This chapter reviews the financing options and procedures available to a fashion business, including debt and equity financing, factoring, and going public via an initial public offering (IPO). Start-ups and small businesses frequently need cash to finance growth, but they often have a challenging time raising capital given the unpredictability of their future revenues, whereas more mature companies are usually better able to obtain third-party financing to support expansion. Businesses are able

Bridging the gap between fashion and business

Susan Dillon

Source: The Fundamentals of Fashion Management, 2012, Fairchild Books Library

Book chapter

Starting any kind of business requires tenacity, endurance and dedication. Setting up a fashion business, even small scale, is all the more challenging because it is such a complex and competitive industry. Fashion companies can very quickly find themselves with customers and suppliers scattered around the world, which will require a lot of co-ordination and organization. All of the raw materials (fabrics, trims, haberdashery and so on) must be supplied to the manufacturer at the same time to sta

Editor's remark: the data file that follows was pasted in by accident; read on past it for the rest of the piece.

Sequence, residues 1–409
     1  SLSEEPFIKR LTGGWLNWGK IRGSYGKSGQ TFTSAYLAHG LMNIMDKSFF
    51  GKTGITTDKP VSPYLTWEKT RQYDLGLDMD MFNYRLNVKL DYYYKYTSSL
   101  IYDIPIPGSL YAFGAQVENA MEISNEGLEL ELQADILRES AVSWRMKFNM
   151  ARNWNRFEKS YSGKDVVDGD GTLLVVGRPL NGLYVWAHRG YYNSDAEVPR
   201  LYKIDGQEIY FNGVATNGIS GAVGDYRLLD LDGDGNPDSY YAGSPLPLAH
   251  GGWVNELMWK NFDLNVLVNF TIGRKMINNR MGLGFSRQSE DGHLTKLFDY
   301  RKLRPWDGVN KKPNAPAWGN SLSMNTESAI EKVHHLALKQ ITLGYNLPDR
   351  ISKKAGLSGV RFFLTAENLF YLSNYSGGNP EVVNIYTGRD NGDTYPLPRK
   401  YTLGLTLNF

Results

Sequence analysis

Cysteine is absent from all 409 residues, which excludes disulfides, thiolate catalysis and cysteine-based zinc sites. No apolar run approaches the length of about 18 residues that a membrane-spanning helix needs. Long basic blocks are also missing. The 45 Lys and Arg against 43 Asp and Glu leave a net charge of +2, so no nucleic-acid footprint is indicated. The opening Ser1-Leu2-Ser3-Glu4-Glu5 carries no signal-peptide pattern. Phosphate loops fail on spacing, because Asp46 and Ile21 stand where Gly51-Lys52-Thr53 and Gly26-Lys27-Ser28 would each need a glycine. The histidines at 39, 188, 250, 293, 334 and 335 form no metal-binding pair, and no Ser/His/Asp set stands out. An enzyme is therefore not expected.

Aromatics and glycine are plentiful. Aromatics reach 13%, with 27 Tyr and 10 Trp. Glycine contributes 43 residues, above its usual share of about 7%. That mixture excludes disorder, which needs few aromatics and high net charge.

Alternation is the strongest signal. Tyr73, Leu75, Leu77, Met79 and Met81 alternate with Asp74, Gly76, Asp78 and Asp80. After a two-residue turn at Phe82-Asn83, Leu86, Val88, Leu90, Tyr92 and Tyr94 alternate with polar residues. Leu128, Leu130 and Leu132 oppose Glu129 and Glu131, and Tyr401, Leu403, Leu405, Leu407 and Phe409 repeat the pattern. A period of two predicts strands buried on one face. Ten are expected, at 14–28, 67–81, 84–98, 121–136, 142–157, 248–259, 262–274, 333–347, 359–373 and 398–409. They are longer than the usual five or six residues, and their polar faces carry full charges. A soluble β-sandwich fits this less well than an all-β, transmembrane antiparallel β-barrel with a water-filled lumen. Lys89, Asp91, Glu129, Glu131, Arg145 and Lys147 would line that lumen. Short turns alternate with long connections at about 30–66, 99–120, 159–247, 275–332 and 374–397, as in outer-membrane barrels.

Technical Considerations

Alex Russell

Source: The Fundamentals of Printed Textile Design, 2011, Fairchild Books Library

Book chapter

It is almost impossible to underestimate how important a basic understanding of the manufacturing process is. Some of the requirements of print technology become so ingrained in professional designers that they become second nature - working with limited colour is one of the most obvious. However, it is possible to get overly concerned with how a design will physically be printed. If this involves any kind of mass production, it is highly likely that professional print designers will play no part